The Good, The Bad and The Ugly

This is not a review of a specific escape room, but rather a general comment on escape rooms.

The escape room industry is exploding! Every day a new room is opening. I think that with my experience I am qualified to comment on the quality of what I have seen.

Let’s break it down:

The good

Those are the escape rooms that are here to stay. They owners are there to make money of course, but they are not there for the quick buck. As soon as you walk into the lobby and certainly as you enter the room you see the level of investment that the owner has put into the room. NOT necessarily in monetary value, but more so in investing in the game itself. If you’re engaged as a player, if you feel like part of the adventure, if the game makes sense and flows its a good game.

If it’s the fastest hour of your life. It’s a good game.

The bad

You walk into a room and start playing your game. In minutes you just want it to be over. If it doesn’t make sense, if the puzzle is just there because you get the feeling that someone just threw the puzzle in there without connecting it to the story, its a bad game. It can be a million dollar room (believe me, I’ve seen some amazing rooms) but the games just don’t make sense it’s a bad room. And it’s a shame because it ruins it for everyone. There are so many of those around. It sucks when you walk out of a room and feel like you’ve just wasted an hour that you won’t get back. It sucks when you try and find redeeming qualities of the experience that you just went through, and you simply can’t find any.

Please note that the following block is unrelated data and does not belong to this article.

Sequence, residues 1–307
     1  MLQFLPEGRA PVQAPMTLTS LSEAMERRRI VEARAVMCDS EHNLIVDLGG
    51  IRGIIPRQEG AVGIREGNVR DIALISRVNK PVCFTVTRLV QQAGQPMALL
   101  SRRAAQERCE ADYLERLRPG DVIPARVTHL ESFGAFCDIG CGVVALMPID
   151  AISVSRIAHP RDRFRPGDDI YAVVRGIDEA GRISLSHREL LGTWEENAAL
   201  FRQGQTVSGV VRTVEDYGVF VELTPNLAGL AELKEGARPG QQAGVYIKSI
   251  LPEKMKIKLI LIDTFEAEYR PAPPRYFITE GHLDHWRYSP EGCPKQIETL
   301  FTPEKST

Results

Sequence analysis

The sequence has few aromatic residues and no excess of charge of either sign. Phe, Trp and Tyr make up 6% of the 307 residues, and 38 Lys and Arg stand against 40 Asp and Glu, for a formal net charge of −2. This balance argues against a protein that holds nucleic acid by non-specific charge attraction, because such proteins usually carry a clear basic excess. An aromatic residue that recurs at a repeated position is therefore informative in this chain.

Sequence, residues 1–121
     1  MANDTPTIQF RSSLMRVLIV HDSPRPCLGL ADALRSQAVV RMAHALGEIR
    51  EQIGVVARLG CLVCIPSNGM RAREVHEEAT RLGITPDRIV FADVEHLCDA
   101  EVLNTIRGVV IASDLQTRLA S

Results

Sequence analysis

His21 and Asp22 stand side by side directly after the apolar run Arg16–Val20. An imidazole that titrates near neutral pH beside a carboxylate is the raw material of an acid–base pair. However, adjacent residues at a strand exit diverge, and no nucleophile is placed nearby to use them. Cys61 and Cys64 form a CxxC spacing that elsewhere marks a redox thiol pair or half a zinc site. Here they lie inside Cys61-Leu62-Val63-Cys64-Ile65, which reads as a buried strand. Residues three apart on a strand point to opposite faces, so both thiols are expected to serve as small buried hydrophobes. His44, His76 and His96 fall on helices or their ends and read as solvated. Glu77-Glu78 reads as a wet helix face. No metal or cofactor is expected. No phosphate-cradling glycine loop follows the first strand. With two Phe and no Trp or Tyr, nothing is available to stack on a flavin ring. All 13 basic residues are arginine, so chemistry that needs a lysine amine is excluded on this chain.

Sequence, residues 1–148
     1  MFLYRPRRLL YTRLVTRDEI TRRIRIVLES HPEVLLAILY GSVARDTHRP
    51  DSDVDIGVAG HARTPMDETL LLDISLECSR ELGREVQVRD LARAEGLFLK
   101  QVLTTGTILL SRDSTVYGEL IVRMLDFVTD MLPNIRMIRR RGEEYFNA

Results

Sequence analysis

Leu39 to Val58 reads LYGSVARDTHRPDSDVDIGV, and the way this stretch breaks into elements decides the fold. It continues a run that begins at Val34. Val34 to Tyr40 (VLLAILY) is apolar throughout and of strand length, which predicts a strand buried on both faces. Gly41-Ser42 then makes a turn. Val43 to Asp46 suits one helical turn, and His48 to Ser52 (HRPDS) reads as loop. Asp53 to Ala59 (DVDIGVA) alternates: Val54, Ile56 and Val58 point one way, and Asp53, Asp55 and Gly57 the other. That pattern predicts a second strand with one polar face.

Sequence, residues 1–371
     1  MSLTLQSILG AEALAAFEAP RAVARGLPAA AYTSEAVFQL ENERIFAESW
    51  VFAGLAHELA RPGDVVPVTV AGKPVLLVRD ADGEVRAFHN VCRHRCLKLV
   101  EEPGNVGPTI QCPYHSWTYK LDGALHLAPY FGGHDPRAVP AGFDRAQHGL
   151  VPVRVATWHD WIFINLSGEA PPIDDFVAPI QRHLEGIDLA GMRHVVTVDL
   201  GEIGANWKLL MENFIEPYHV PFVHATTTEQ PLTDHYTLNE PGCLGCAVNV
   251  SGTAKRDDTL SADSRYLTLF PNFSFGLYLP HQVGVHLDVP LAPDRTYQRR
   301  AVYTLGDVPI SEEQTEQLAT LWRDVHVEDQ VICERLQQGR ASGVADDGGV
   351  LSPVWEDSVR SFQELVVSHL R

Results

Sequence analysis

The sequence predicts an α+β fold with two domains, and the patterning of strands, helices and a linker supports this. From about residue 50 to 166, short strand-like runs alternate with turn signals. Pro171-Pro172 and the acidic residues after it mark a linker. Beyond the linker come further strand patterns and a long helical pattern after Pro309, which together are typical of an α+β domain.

The ugly

These are the worst rooms! Ever! The idea is great, it has so much potential. You’re excited when you read about it on the web site, you’re ready to go as you enter the room. Then in the space of a few seconds, all the wind is out of your sails.